A federal jury yesterday convicted two Iranian-Americans of submitting false immigration documents to U.S. officials on behalf of wealthy Iranians seeking permanent residence here.

The jury deliberated about five hours in Washington's U.S. District Court before finding Shams Din Javid, 48, of Falls Church guilty of 17 counts of filing false documents with Immigration and Naturalization Service officials.

His sister-in-law, Kheiri Javid, 30, of Los Angeles, was found guilty of two counts of filing false documents. Shams Javid also was found guilty of conspiracy to defraud the government by bribing an immigration examiner to approve the fraudulent applications.

The Javids, Shams Javid's sister, Ashraf Tiller, 27, of Arlington and Hassan Hadj Mohammadi, 28, of Bethesda were indicted last September by a federal grand jury on charges of filing false documents and conspiracy. Tiller pleaded guilty March 18 to one count of filing false documents. Mohammadi pleaded guilty last October to one count of conspiracy to bribe the INS examiner and one count of filing false documents. Each count is punishable by up to five years in prison and a $10,000 fine.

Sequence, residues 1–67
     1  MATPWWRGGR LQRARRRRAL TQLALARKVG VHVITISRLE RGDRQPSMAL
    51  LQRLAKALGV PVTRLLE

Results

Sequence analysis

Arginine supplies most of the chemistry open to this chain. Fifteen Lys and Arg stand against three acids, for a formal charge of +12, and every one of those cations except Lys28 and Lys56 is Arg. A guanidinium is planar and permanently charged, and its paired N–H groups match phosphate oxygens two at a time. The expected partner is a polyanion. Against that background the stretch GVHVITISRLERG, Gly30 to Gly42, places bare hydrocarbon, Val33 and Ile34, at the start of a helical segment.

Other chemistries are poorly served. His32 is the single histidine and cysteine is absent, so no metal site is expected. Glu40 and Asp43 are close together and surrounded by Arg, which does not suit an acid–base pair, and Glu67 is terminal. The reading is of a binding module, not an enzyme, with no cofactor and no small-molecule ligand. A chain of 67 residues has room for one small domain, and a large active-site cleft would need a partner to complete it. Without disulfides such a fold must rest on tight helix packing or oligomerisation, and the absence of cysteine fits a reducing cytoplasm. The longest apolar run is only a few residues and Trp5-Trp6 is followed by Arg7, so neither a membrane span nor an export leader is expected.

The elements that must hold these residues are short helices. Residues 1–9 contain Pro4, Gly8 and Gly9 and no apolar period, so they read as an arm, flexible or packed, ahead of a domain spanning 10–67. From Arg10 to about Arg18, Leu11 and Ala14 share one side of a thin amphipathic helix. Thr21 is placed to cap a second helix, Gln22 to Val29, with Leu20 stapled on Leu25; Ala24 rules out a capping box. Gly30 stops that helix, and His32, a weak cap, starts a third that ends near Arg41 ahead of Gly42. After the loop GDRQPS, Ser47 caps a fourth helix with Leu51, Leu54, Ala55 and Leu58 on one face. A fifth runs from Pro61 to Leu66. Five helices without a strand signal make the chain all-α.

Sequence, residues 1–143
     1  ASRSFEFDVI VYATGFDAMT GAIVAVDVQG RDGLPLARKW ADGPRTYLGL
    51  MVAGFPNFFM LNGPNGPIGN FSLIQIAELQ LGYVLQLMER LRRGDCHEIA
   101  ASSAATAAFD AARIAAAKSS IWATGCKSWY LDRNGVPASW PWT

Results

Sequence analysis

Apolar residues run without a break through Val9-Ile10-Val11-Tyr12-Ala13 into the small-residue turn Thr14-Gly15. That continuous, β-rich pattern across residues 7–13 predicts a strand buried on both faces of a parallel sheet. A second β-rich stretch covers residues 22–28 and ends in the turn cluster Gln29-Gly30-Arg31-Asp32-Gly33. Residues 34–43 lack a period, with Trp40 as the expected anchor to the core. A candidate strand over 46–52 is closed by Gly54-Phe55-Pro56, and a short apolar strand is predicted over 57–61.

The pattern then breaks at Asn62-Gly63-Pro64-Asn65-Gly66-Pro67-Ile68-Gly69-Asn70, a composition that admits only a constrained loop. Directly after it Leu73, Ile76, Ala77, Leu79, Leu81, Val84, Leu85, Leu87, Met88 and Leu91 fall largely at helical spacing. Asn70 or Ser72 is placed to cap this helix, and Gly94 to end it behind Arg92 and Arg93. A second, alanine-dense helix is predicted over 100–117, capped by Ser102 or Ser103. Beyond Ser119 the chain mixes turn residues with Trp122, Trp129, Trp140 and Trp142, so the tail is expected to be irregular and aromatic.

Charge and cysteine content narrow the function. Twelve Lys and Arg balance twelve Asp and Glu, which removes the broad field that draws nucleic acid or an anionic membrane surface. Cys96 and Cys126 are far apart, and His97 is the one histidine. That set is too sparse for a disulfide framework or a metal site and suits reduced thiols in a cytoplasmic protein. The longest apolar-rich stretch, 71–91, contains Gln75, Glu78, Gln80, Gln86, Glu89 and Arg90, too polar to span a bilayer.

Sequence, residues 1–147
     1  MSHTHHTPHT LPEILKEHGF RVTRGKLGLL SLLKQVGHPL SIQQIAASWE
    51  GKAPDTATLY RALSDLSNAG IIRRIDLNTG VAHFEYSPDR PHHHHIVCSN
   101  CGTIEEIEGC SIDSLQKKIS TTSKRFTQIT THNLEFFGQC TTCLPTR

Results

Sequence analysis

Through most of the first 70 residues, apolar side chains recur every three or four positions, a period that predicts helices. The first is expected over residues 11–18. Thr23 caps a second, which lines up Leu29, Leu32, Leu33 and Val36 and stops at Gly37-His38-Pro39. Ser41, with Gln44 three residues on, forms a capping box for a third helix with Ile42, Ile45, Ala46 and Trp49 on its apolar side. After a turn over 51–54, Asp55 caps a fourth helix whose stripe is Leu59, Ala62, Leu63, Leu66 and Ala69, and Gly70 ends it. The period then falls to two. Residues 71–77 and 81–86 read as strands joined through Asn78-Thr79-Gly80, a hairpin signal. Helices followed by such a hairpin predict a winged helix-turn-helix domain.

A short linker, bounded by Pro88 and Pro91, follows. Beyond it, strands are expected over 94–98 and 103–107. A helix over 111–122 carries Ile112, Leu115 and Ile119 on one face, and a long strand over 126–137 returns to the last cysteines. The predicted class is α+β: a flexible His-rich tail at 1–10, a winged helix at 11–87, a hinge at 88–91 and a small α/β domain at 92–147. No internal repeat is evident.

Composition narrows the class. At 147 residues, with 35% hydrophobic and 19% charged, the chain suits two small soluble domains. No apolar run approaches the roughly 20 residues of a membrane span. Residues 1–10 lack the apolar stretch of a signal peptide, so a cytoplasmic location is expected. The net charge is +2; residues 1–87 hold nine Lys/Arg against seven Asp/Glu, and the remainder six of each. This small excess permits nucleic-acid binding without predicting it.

The grand jury charged that Iranians wanting permanent residency status paid fees of up to $30,000 to the four intermediaries who then submitted false applications to INS officials, stating that the applicants were either spouses, parents or siblings of U.S. citizens. Applicants who are spouses of citizens are exempt from immigration quotas; brothers and sisters of citizens get special treatment.

Both Shams Javid and Mohammadi allegedly conspired to bribe Jerry Kenneth Hirsch, an immigration examiner in the Washington District Office, according to the indictment of the four. A federal grand jury on Feb. 23, indicted Hirsch, who left the INS last December, on nine counts of accepting bribes and knowingly filing false documents. Hirsch, who has pleaded not guilty to the charges, is due to stand trial on May 23.

U.S. District Court Judge John H. Pratt ordered the Javids released on bond pending sentencing.